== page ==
From the staple of student cuisine to the tables of the Vatican, in bakes and Bolognese; even collages made at nursery school, can there be a more versatile foodstuff than pasta? There is no other country that has a product that is so internationally identified with it, like Italy, just the mention of its name conjures thoughts of spaghetti. It would be safe to say that the Italians love their famous product, with the average annual consumption of pasta per person in Italy being 25kg – 450g per head, per week.
Outside Italy people perceive dried pasta to be inferior to freshly made, however, Italians treat them both as two completely different products, both being appropriate for certain dishes. There is a myriad of shapes and sizes of pasta, each made for particular dishes, for seafood there is linguine, stelline for soups, fusilli and penne is reserved for ragú; and it’s worth mentioning that in Bologna, tagliatelle is always served with a Ragù alla Bolognese, never spaghetti.
It was first thought that Marco Polo brought pasta back from China in the thirteenth century; however, although it’s now widely acknowledged that the Chinese were the first to use similar dough to perfect the art of noodle making, evidence shows that pasta is indeed of solely Italian origin. Frescoes on Etruscan tombs show people mixing water and flour into a paste, and Arab geographer, Idrisi recorded in the 12th century that he had witnessed Sicilian semolina and water made into strands; there are also references to macaroni dating back to the 13th century.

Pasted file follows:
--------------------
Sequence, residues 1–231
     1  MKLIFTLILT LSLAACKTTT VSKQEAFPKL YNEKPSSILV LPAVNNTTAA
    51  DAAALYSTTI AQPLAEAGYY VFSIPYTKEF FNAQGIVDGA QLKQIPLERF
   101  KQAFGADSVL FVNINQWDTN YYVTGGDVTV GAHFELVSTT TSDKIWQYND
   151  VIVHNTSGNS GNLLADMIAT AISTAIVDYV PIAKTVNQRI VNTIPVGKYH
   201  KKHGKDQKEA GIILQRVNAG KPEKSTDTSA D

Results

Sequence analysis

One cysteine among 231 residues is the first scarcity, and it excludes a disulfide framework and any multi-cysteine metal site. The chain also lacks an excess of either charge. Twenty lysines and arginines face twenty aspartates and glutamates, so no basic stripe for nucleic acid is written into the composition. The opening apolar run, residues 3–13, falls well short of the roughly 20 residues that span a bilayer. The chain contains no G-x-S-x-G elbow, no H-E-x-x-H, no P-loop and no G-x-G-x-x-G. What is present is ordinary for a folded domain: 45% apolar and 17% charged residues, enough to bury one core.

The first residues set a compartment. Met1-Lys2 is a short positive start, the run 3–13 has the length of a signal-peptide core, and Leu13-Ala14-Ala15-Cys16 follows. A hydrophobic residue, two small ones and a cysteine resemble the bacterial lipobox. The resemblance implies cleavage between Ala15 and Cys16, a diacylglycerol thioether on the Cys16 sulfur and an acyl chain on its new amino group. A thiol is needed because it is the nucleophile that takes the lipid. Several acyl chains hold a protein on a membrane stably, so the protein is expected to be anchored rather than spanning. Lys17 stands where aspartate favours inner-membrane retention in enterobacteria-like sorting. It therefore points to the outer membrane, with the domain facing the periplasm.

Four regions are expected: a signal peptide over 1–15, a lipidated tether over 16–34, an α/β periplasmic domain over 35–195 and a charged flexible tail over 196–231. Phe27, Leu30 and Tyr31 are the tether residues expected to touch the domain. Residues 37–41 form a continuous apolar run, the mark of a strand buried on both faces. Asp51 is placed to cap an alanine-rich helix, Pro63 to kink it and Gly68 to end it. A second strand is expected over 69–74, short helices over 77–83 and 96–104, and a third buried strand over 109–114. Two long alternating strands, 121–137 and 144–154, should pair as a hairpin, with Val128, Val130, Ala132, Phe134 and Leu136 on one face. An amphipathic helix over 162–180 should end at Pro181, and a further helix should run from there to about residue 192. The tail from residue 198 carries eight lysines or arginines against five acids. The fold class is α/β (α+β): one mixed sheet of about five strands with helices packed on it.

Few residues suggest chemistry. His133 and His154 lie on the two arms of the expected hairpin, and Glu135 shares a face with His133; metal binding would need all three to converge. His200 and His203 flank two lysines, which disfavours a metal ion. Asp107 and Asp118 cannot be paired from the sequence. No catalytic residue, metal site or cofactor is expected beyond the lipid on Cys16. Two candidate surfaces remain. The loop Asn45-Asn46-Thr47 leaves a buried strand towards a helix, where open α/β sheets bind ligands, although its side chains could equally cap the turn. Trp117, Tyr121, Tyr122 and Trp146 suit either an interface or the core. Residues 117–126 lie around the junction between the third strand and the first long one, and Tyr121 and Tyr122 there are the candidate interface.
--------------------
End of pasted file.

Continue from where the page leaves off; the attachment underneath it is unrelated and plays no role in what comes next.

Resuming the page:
Situated on the outskirts of the Majella National Park, in Abruzzo, is the town of Fara San Martino. The town is known as ‘La casa della Pasta” (The Home of Pasta). Despite its produce attaining worldwide fame, the region, east of Rome, remains largely undiscovered. Abruzzo’s Adriatic coast attracts visitors to its seaside resorts; however, venture further inland and it can feel like stepping back in time. Shepherds still herd their flocks along ancient sheep tracks and many of the regions farming inhabitants have yet to venture over the Apennine Mountains to visit the country’s capital. In fact, so pastoral are some parts that the sight of tourists can still cause a stir in some of the smaller villages.
Fara San Martino is situated at the opening of the Santo Spirito valley, next to the river Verde. Here you find a major separation of two cliffs. Legend tells of Saint Martin opening up the rock with his bare hands. The town is surrounded by caves and the handful of beautiful grottos is a delight for the hikers that venture there.
Ask anyone what makes the pasta made in Fara San Martino so special and they’ll tell it’s because it’s made with crisp, clean water from the mountain springs. Water from the Verde River, which feeds the springs, has excellent organoleptic characteristics, this coupled with the ventilated climate, ideal for pasta drying: make the two ingredients no other pasta manufacturer can purchase. It is these naturally provided ingredients that many believe makes Fara San Martino’s pasta unique.